The Regional Fare Coordination Board (ORCA Joint Board) has been working toward a new version of the ORCA product to be rolled out in 2021, currently dubbed “Next Generation ORCA”. As part of the new product, London-style daily caps on fares were high on the list of elements to be considered for development, with software development to commence in 2018.
The Regional Transit Committee, a panel of elected officials from around the county that has some authority to block council decisions on policies covering King County Metro, recently gave its green light to a report from a 2016 Fare Forum convened by the ORCA Joint Board. While referring the report to the RTC was not mandatory, it is a common practice to keep that panel in the loop.
Three major recommendations came out of the 2016 Fare Forum:
• Eliminate zone-based fares in order to reduce Next Generation ORCA system development time and costs, reduce customer confusion, reduce operator interactions, and improve boarding times.
• Eliminate trip-based peak fares but allow for time-based peak fares in the ORCA system design, in order to reduce Next Generation ORCA system development time and costs, increase regional fare coordination, and make fares simpler for customers to understand.
• Not to pursue fare capping because it could increase Next Generation ORCA system design complexity and costs and is expected to negatively impact agency revenue.
This recommendation not only means the ORCA pod does not plan to institute day caps, but also that it will not even develop the software to make it an option. The intent is not to preclude such a feature, but developing it would cost additional money down the road.
King County Metro is well on the way to eliminating zones, with a proposal expected from the Executive’s office sometime this summer in line with the recent surveying on two options for doing so.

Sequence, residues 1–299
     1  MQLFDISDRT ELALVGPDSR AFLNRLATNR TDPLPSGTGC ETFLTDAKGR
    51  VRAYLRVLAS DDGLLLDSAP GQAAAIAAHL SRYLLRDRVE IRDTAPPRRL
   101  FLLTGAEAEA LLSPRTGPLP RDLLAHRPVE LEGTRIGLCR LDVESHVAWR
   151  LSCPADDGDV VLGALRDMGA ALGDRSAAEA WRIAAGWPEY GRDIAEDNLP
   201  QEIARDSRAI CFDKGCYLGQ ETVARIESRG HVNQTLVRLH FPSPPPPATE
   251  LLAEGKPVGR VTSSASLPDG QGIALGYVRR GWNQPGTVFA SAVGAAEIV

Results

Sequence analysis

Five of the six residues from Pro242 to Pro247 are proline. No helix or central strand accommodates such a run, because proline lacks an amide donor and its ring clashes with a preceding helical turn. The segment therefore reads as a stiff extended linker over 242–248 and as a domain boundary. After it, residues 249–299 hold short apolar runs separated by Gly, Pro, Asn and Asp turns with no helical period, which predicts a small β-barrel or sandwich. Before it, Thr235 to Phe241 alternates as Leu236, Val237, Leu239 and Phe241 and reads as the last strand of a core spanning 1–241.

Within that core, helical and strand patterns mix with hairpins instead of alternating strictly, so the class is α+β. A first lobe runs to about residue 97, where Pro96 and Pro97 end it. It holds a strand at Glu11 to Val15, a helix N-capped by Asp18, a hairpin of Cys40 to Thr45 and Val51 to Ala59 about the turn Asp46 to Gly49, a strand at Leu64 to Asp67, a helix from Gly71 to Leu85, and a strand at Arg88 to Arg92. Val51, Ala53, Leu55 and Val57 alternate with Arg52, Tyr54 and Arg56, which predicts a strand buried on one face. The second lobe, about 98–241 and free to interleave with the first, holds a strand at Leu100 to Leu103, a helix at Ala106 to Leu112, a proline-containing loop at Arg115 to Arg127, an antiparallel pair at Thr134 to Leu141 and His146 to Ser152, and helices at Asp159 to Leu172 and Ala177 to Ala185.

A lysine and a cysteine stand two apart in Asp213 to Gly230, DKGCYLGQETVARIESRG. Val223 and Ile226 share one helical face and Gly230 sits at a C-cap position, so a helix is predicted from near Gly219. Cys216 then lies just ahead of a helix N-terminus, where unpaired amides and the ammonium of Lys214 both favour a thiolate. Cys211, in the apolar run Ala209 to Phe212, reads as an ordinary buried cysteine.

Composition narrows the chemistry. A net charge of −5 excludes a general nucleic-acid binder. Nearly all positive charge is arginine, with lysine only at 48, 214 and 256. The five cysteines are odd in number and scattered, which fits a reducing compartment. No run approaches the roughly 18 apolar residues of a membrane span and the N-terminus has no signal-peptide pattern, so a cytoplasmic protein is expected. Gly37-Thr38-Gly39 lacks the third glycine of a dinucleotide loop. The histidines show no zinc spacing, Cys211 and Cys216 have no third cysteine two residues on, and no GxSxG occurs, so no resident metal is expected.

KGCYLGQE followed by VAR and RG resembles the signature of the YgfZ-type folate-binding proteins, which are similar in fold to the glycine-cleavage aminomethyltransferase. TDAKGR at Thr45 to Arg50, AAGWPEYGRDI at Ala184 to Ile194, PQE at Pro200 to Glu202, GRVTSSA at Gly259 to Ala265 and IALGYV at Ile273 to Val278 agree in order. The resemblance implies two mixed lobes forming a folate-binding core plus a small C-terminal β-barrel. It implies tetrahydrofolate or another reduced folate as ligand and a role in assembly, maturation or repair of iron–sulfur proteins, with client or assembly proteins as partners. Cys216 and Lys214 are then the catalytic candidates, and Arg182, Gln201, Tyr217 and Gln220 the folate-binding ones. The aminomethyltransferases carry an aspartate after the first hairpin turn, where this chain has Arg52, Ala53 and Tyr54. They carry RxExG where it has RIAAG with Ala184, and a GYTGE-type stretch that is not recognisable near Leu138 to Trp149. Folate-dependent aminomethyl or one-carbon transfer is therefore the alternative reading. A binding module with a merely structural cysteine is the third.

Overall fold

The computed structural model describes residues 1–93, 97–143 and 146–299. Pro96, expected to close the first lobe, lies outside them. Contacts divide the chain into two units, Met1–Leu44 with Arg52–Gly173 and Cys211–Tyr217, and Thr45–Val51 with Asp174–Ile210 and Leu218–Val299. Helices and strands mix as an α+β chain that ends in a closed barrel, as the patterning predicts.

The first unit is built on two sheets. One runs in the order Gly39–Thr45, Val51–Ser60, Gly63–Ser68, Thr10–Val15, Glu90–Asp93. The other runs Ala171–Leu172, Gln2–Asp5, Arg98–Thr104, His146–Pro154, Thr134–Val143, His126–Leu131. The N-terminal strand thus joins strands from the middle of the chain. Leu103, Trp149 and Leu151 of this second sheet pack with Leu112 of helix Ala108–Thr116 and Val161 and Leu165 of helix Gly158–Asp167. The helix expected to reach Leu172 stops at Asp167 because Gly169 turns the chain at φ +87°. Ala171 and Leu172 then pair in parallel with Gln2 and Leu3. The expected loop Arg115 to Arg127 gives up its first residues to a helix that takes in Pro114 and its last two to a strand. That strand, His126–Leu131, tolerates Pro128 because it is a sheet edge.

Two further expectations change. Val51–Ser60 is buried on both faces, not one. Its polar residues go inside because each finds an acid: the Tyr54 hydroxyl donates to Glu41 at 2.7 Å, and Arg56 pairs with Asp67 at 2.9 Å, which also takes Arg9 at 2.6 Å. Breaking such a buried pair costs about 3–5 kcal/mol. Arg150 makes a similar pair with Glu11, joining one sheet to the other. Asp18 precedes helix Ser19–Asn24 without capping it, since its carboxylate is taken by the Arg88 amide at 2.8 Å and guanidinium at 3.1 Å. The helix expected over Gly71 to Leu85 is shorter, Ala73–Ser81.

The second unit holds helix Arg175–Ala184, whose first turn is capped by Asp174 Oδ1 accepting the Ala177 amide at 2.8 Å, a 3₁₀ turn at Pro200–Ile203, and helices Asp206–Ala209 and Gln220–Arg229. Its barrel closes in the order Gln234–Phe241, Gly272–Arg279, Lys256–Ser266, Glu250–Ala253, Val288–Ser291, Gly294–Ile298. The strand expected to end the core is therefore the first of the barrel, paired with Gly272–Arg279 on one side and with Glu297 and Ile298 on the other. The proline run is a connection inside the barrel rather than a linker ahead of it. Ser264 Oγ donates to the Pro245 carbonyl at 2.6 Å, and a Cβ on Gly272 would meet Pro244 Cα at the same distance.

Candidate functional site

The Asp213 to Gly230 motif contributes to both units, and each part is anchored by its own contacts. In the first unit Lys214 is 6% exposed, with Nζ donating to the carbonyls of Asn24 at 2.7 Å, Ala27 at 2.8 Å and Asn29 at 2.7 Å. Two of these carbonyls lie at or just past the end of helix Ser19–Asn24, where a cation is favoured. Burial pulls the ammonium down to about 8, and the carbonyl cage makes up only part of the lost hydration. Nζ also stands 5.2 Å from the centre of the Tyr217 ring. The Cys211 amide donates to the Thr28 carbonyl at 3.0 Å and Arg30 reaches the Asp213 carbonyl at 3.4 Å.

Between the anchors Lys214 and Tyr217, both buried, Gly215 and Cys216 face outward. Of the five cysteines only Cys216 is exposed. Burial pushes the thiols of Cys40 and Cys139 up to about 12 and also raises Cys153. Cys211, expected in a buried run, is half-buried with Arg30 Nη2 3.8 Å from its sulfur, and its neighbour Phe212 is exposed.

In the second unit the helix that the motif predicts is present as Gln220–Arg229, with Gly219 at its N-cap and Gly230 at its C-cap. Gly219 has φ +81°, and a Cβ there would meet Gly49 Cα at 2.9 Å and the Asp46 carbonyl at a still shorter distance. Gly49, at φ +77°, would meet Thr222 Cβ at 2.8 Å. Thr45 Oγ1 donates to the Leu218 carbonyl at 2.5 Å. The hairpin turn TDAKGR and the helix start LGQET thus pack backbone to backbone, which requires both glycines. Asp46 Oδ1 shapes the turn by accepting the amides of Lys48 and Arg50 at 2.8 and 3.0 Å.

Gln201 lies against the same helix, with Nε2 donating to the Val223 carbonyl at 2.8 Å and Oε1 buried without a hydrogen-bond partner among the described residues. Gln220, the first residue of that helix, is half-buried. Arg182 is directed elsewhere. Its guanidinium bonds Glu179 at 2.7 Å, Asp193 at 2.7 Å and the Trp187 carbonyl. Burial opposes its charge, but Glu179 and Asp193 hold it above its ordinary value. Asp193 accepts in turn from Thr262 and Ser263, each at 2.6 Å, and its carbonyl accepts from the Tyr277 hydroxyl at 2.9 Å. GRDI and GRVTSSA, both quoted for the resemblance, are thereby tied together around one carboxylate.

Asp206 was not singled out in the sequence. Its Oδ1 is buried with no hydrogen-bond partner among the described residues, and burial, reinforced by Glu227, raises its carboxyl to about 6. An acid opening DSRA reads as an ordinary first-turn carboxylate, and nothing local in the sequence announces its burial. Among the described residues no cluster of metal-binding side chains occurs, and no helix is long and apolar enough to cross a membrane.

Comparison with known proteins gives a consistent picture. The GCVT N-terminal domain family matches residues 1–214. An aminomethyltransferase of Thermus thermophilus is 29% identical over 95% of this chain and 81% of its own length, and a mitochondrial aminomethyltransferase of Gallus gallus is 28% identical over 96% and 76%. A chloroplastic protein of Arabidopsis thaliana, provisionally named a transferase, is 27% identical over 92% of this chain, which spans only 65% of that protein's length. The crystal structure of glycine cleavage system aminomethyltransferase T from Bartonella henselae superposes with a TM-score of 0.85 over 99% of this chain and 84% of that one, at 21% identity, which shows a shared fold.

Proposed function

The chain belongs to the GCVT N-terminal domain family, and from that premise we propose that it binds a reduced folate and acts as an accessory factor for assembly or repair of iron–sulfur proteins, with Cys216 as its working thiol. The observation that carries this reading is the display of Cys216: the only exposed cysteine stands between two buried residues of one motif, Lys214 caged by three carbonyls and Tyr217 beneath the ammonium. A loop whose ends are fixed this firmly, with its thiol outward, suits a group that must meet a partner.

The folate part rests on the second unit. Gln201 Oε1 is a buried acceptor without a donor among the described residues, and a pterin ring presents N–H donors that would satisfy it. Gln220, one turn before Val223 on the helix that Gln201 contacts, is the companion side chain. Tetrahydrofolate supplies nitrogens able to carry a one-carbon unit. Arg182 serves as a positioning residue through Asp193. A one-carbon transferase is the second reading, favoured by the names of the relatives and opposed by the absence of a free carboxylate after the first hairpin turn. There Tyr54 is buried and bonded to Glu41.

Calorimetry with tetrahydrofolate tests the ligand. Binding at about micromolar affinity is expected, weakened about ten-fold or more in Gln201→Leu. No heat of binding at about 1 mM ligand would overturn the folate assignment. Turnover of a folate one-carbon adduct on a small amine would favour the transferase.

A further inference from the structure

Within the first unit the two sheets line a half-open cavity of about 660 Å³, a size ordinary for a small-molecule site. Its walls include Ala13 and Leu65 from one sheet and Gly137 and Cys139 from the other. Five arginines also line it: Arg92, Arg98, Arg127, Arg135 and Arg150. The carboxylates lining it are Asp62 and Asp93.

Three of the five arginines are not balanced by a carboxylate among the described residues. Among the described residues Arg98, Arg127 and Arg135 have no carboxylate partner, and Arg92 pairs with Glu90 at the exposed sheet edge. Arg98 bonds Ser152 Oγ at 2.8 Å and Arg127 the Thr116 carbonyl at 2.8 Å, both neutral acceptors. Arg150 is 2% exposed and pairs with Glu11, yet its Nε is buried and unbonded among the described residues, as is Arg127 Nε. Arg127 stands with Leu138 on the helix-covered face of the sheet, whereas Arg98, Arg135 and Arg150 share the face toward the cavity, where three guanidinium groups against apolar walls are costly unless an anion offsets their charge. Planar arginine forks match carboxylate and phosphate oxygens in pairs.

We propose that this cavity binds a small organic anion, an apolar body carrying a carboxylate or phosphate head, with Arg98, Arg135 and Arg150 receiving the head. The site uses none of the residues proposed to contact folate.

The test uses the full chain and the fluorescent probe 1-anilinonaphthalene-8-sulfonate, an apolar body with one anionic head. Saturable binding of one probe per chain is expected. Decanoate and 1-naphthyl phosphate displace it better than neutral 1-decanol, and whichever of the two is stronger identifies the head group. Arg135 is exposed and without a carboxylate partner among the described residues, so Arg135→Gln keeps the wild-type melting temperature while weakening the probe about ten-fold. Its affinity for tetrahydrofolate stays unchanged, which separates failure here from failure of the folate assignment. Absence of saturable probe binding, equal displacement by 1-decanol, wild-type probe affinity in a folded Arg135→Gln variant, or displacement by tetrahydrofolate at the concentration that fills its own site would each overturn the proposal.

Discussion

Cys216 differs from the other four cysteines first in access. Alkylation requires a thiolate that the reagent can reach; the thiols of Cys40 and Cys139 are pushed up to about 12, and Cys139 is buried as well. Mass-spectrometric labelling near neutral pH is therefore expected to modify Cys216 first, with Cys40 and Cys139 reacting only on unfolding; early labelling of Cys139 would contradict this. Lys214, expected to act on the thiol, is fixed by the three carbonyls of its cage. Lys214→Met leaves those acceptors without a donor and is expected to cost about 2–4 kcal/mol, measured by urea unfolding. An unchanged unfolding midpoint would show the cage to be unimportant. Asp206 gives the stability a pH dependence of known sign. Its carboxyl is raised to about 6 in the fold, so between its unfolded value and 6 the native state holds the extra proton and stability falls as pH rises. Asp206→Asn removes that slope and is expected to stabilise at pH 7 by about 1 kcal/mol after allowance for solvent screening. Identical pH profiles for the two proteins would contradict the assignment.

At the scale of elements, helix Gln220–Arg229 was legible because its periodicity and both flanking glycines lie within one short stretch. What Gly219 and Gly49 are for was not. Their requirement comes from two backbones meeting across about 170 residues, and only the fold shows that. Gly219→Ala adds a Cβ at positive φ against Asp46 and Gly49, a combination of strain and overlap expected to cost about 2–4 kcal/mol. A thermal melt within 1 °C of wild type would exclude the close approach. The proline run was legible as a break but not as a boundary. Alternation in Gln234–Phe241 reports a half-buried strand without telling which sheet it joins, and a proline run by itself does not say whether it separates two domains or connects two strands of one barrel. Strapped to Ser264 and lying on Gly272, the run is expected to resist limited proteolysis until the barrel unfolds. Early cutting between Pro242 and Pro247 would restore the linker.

Sound Transit could easily move to a fare system for ST Express buses that charges more by distance and separates limited-stop routes from true inter-county express routes like 510, 511, 513, 586, 590, 592, 594, and 595. Getting rid of zone resets for passengers boarding in the Central Business District would help move buses a little bit faster through downtown.
Having Community Transit eliminate zones would have no practical effect on downtown bus speed, as all the commuter buses charge commuter fares. It would have a nuisance factor for riders taking intra-county trips on the commuter routes though. The county-line surcharge would presumably go away after most of the commuter routes are reorganized to terminate at Lynnwood’s light rail station in 2023. So, expect Community Transit to also eliminate zones … in 2023, assuming attempts to eliminate $1 billion in federal funding don’t delay line construction.
The report is not clear whether paper fare products would need to fall in line with time-based peak surcharges instead of trip-based peak surcharges. However, King County Metro is the only agency currently using a peak surcharge. The county council could make the point moot by (1) adopting the all-day flat-fare proposal or (2) eliminating paper transfers. Other agencies have expressed interest in the ability to apply a peak surcharge, so the software feature may still be developed even if no agency has stated it will use it.
The current ORCA vendor contract ends in 2021. Next Generation ORCA is expected to be account-based, with the ability to use smart phones and similar technology to pay fares, get transfers, and buy passes good across participating agencies, possibly including Washington State Ferries. WSF is evaluating the possibilities, but has to maintain 70% farebox recovery by state law, and would need the approval of the Washington State Transportation Commission for any fare change.